In addition to the Map It CLEAN! program offered in local schools, Clean Pelican hosts regular community litter clean-ups, like the one pictured here at Ward Creek. Photo by Ava Duplechain

Trash Talk: Litter awareness and STEAM skills combine to create a cleaner community

Litter has been a part of Glenda Pollard’s life for as long as she can remember. “My mother used to take us as children to our timberland and make us pick up the litter that people had thrown in the ditches and along the lumber roads,” she recalls. “That was her idea of a nice Sunday afternoon outing.”

In 2020, during long road trips to visit family members out of state, Louisiana’s litter problem began to bother Pollard more and more. And she isn’t alone. According to Keep Louisiana Beautiful, 92% of Louisiana residents believe that litter is a problem in the state.

Inspired by her mother, who, at 92, is still just as passionate about litter clean-up and has been a Keep Livingston Beautiful board member for more than 40 years, Pollard decided to take action.

“My father owned the first commercial disposal company in Baton Rouge, so I wasn’t afraid of a dirty business,” she says. “I guess you can say that we were early environmentalists. As a result, I know that education is the key to changing the culture. We couldn’t just pick up litter every day, we had to try and make systemic change in our state.”

Johanna Landreneau, Clean Pelican first interim executive director, Julie Rountree Folse, Clean Pelican board member and Glenda Shannon Pollard, Clean Pelican founder and current interim executive director. Photo by Ava Duplechain

When Fran Harvey, founder of the nonprofit Global Geospatial Institute (GGI), connected with Pollard and her organization Clean Pelican in 2020, they immediately knew that a partnership would benefit both of their missions. Gamifying litter collection using Geographical Information Systems (GIS) technology would create the clean land and clear water Pollard dreamed of while introducing students to a STEAM skill that is highly sought after in the job market.

Soon, Map It CLEAN! began. The in-class program teaches cutting-edge environmental education, engaging students across Greater Baton Rouge with litter using an innovative, real-world application of GIS technology. The program’s capstone experience is a litter clean-up in the field where students use the GIS application developed by Esri to model the litter landscape on their school campus.

Students collect data as they go, sorting litter into categories like paper, plastic, metal or wood. Then, they note where they found it, upload a picture and record whether they removed it. The app compiles all of that data to create an accurate map of litter in real time.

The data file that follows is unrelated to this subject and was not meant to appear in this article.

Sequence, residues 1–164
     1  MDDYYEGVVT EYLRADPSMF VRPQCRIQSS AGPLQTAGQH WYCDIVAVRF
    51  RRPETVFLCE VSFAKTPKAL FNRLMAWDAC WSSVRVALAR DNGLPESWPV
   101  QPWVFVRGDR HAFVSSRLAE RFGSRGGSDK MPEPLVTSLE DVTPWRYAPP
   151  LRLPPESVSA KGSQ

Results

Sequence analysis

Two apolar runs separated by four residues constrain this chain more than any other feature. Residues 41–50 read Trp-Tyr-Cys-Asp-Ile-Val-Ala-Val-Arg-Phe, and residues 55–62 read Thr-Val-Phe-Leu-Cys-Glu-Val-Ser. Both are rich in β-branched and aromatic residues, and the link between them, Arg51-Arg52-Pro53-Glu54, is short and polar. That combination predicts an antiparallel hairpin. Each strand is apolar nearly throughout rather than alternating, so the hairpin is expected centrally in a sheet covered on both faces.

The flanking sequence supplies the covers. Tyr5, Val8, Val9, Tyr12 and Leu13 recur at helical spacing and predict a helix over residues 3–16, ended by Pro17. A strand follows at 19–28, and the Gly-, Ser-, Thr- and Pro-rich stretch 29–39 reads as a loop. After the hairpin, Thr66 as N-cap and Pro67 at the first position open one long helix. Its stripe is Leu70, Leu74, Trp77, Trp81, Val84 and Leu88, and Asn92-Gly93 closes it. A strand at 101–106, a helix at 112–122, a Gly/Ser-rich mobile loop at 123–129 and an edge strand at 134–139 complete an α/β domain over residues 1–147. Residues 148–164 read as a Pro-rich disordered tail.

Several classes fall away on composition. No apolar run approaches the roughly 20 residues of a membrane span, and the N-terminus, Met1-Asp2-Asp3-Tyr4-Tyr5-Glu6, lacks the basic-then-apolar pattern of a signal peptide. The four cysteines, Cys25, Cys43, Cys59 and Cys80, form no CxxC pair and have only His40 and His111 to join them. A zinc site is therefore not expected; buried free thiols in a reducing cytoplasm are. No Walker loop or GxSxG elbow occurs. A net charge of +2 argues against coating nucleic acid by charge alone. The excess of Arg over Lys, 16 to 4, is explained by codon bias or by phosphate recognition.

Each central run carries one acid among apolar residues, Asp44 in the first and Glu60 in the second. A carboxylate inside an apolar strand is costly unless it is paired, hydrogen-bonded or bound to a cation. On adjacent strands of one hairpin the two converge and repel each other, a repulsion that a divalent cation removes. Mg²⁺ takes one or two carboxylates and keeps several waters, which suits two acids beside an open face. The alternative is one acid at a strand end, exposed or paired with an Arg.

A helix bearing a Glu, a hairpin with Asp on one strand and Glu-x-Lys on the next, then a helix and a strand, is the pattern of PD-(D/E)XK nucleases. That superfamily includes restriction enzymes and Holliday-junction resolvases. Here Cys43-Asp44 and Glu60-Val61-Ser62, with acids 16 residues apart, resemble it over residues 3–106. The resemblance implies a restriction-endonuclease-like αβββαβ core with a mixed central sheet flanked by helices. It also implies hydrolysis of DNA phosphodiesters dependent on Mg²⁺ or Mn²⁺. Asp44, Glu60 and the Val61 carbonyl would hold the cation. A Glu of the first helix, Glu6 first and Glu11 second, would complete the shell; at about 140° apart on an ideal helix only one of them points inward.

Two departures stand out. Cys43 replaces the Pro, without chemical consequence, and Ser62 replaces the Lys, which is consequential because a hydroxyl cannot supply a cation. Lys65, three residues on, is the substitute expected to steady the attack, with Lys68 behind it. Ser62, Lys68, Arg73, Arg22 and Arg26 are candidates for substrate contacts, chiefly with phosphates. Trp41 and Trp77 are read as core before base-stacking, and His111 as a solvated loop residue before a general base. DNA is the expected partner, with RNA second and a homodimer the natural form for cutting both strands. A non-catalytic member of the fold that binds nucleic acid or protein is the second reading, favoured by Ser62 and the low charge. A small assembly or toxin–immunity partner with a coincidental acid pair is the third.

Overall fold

“Bringing litter awareness and prevention to life through geospatial technology has encouraged and inspired students to solve real-world environmental problems plaguing their local community,” Harvey says.

Not only are students inspired to clean up their community after learning about the many negative impacts of litter, but the program also highlights the many applications of GIS technology in various STEAM careers. Map It CLEAN! serves as the impetus for students to pursue the GGI GIS Industry-Based Certification, Harvey explains. According to the US Bureau of Labor Statistics, around 7,800 new job openings each year require knowledge of GIS technology. Certification means students are ready to fill those in-demand job roles upon graduation. High school students can enroll in the GIS industry-based course virtually, but through the Clean Pelican partnership, GGI is encouraging schools to offer GIS courses as an elective.

Photo by Ava Duplechain

Map it CLEAN! raises awareness of litter, empowering students to act and encouraging them to pursue STEAM education opportunities to make the community a cleaner, better place to live, work and play. Pollard has put together a team of Baton Rouge natives passionate about litter who comprise the Clean Pelican board to ensure the organization’s longevity. “We had two things in common, we all hated litter and loved Baton Rouge,” she says.

Clean Pelican’s partnership with GGI is one of many ways the organization is changing the city’s attitude about litter. “If we actually want to be BTR (better), which is the new BRAC push, we have to do better in this city with blight and litter,” she says. “Both BRAC and BRAF have ‘quality of place’ as their pillars for our city. Nothing says welcome to Baton Rouge more than a cleaner town.”